Skip to main content

Hennessey’s Venom F5 could be the first road car to break 300 miles per hour

Hennessey’s Venom F5 could be the first road car to break 300 miles per hour


A small shop’s best shot at cracking one of the last (and toughest) road records

Share this story

Faster than an F1 car and named after an F5 tornado, the newest Hennessey Venom is the kind of car that unquestionably belongs at the Geneva Motor Show. It is all about raw power and radical design. It’s also about as rare as they come, with just 24 being made — half of which the company says have already been bought for a cool $1.6 million each.

Much of what we know about the Venom F5 are the stats that Hennessey Special Vehicles, the small company behind the car, has already shared. Teased for nearly a full year at this point, the Hennessey Venom F5’s 1,600 horsepower twin turbo V8 is supposedly capable of pushing the car to 301 miles per hour. The company’s founder, John Hennessey, said in a statement, “It’s no question of if we will break 300 mph but a question of when.” (More on this in a moment.)

The Venom F5’s carbon fiber monocoque is surrounded by aluminum, making the car a relatively light 1,360 kilograms (or just under 3,000 pounds). All told, it can hit 186 miles per hour in less than 10 seconds, and get to nearly 250 miles per hour and back to a stop in 30.

That means the Venom F5 is heavier than the Aston Martin Valkyrie AMR Pro, which was announced at Geneva earlier this week. But since the Aston was built specifically for track performance and has a more, uh, modest top speed of 225 miles per hour, and since the Hennessey was built for lunacy, the Venom F5 would ultimately crush the Valkyrie AMR Pro in a straight line.

Photo by Vlad Savov / The Verge

And while we’re theoretically pitting it against other crazy cars from this year’s show, the really fun matchup would be to see the Venom F5 take on the Rimac Concept Two. Again, the Venom F5’s claimed top speed of over 300 miles per hour makes the Rimac’s 258mph somehow sound pedestrian. But the Concept Two is definitely quick. It can hit 100 miles per hour in under five seconds, per Rimac, and eclipses the Venom F5’s horsepower claim by 300 or so. That would make for a fun drag race.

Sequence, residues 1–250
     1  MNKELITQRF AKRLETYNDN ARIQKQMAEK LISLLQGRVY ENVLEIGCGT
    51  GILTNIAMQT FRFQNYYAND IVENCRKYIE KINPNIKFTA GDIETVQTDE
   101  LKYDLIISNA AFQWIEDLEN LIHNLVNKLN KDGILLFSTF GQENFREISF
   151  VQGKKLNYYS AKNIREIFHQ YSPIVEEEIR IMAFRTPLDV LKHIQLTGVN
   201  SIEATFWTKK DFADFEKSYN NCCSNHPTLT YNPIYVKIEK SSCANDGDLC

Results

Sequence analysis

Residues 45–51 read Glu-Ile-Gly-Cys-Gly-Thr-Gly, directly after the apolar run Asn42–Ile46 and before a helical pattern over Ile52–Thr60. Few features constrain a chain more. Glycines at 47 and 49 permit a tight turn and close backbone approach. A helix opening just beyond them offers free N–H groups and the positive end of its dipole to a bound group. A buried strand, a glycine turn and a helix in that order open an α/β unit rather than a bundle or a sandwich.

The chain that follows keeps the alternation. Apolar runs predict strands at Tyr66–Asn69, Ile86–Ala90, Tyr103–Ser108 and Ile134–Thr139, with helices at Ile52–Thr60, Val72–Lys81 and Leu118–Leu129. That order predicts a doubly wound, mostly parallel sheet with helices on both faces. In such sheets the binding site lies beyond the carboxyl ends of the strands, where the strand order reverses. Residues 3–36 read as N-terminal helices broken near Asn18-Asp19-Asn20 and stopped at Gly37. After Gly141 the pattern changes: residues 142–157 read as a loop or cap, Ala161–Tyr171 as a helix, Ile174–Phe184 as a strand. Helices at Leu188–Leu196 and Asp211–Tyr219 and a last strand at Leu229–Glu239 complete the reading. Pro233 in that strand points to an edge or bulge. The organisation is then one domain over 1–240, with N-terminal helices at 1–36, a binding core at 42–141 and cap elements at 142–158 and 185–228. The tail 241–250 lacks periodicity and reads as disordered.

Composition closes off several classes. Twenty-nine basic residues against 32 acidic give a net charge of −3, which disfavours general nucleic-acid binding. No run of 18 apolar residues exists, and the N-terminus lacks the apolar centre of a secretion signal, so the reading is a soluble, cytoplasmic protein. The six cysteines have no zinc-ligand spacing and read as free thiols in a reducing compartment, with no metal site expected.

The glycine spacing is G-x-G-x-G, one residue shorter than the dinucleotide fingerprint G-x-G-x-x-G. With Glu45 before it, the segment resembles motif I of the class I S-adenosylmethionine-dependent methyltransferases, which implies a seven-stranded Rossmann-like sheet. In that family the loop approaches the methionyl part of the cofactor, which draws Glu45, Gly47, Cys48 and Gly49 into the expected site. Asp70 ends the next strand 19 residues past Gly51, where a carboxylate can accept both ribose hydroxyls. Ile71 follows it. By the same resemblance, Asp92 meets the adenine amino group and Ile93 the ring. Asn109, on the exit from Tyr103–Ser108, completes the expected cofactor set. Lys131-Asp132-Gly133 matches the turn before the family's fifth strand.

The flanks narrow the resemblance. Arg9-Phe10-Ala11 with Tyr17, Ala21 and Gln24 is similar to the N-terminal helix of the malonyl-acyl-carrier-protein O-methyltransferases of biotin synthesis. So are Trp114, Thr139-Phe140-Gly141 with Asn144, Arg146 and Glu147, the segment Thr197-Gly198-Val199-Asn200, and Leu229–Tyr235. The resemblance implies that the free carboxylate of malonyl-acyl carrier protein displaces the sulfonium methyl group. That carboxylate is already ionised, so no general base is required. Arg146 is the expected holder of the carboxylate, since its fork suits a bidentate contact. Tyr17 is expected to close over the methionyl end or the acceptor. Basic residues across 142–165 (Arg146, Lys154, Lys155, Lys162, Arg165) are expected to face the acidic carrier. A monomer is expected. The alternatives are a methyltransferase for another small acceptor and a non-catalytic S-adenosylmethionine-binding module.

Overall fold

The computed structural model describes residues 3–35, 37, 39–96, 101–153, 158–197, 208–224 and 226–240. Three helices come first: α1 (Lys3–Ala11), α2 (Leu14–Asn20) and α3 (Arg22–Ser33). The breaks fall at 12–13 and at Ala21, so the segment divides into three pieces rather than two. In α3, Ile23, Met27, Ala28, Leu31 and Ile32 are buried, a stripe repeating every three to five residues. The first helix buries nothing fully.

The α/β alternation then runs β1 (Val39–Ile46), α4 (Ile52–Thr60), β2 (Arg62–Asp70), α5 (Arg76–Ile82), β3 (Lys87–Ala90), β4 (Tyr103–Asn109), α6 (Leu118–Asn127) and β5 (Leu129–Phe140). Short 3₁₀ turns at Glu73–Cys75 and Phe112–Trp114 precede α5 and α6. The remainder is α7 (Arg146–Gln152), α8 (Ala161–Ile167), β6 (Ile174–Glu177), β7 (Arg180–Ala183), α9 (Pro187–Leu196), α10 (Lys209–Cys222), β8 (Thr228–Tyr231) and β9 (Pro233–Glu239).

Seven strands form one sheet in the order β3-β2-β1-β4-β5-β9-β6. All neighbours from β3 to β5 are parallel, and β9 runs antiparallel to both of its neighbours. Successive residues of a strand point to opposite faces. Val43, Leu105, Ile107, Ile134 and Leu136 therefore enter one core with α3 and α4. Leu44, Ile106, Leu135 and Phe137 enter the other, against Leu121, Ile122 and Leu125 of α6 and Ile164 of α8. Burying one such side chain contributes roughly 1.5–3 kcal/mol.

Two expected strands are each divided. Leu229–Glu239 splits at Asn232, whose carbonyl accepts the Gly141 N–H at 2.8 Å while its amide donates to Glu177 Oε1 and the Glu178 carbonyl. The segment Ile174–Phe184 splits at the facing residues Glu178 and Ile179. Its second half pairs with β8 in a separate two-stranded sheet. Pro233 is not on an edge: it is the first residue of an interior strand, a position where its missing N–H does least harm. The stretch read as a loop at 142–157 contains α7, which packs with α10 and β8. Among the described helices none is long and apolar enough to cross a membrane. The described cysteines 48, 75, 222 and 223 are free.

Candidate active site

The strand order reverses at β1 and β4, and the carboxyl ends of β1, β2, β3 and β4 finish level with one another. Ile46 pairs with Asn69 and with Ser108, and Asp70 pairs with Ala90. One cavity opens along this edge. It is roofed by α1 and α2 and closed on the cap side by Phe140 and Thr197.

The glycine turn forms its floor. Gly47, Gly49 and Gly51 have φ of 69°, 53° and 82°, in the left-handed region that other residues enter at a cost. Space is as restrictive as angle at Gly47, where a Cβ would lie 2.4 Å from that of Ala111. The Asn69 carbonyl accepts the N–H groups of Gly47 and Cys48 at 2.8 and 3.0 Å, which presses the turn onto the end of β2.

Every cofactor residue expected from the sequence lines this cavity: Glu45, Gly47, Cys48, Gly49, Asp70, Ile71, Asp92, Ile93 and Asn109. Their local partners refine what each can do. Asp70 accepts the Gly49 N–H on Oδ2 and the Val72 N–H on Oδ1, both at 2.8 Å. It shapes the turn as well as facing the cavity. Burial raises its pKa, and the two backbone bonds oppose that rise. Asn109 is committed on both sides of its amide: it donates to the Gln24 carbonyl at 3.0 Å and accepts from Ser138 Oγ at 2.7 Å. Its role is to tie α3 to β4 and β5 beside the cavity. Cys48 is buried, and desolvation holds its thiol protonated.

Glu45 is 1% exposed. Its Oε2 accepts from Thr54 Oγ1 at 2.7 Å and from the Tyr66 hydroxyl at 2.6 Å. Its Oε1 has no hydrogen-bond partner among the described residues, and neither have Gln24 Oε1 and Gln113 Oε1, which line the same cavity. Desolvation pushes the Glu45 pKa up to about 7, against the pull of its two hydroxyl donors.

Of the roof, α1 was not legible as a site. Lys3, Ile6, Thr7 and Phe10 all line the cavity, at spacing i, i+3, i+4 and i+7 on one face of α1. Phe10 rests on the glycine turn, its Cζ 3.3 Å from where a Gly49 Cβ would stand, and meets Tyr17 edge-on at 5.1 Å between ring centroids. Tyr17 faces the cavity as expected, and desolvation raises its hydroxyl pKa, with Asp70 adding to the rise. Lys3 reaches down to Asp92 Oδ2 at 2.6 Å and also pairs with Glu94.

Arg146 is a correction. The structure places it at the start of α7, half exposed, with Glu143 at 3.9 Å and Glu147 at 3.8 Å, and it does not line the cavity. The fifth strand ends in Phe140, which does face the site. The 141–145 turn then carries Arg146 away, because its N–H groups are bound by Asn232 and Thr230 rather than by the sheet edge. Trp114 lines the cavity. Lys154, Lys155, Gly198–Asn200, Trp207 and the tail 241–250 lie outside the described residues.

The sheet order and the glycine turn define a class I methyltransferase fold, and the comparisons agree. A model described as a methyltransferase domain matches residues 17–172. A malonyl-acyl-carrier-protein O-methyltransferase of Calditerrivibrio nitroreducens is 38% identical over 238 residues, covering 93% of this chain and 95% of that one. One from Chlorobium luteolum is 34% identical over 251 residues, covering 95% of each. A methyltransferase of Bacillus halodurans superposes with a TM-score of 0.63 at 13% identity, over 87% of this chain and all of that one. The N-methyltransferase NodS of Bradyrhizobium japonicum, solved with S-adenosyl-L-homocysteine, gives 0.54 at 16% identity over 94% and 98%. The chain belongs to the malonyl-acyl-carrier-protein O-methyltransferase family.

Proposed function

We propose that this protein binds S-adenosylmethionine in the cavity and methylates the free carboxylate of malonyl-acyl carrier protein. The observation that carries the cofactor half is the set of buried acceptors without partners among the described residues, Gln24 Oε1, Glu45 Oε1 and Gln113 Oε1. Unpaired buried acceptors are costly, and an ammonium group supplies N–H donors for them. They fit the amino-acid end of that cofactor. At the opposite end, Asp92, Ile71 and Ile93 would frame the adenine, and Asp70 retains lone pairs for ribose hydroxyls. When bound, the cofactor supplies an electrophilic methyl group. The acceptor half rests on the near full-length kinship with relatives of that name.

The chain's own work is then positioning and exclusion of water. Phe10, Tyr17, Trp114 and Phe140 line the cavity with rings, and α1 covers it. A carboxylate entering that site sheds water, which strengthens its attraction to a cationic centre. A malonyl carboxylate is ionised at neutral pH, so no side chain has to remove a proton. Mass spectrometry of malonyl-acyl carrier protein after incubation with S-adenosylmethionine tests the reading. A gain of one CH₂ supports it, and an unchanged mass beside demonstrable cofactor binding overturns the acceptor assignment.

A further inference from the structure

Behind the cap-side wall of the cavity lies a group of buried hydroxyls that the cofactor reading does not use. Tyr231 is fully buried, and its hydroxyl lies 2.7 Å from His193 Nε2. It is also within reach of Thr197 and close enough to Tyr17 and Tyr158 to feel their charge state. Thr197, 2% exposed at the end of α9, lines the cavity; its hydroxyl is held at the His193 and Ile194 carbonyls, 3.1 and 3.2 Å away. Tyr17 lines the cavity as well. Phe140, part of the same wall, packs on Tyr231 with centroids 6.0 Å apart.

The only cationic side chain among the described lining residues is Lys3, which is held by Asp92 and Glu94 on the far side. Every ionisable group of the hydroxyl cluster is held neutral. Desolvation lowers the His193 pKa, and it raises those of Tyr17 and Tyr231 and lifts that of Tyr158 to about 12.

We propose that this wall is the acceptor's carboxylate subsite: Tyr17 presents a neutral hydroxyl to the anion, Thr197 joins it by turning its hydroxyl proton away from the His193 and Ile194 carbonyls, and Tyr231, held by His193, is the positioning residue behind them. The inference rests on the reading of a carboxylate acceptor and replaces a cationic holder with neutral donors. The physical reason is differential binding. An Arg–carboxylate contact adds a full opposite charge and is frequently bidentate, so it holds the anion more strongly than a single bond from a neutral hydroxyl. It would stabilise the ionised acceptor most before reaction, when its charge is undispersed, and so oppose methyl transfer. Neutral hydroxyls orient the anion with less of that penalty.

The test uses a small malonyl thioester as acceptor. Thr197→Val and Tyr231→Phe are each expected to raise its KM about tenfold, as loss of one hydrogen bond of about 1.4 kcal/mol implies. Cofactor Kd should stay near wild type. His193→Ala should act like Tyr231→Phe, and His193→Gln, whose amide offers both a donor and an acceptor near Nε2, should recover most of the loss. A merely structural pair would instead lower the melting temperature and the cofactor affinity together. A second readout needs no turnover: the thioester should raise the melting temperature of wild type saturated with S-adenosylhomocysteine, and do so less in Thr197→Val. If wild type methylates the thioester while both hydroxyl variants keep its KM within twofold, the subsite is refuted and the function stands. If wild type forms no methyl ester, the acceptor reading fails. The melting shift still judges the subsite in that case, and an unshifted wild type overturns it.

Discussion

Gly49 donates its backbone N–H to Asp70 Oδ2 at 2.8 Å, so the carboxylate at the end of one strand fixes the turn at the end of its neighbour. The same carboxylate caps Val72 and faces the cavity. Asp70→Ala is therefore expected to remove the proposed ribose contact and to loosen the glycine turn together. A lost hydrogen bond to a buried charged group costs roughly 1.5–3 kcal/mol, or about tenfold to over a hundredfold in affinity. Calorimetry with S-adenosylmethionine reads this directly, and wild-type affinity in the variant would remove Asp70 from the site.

As for the 300 mile per hour claim, it’s thought to be one of the last achievable milestones when it comes to road cars. Hennessey sure isn’t the only company trying to get to it first; other specialty carmakers like Bugatti and Koenigsegg have been inching closer to the mark over the last few years, with the latter touching 284mph late last fall (though its averaged speed across two attempts was 278mph). Other, less recognizable companies are also trying to throw their hat in the proverbial ring.

Is there meaning, or value, for most people in any of these ridiculous numbers? Hell no. These are cars that we all will (probably) never be able to buy or even be able to drive, and if we were, reaching 300 miles per hour is essentially impossible without closing down a long stretch of straight highway. Many good arguments have been made about the work required to reach speeds like 300 miles per hour, and how solving problems like stopping the tires from blowing apart matters just as much as building the car in the first place. Whether a hyper-exclusive company like Hennessey, which was accused of potentially sketchy business behavior back in 2016, can be the one to figure this stuff out remains to be seen.

All the companies making these ludicrous cars are working at or near what is essentially the ceiling of performance for road cars in general, as well as the limit of what the human body and mind can withstand behind the wheel. They do it because it makes for great marketing, but also because it might be one of the only ways to sell someone a multimillion dollar car. I may be a bit jealous of the rich jerks who wind up owning or driving these cars, and in some weird way I’m glad they’re financing these crazy ideas. Of course, like with many bold promises, there’s always a chance that they’re getting taken for a ride, even as they sit behind the wheel.


Photo by Vlad Savov / The Verge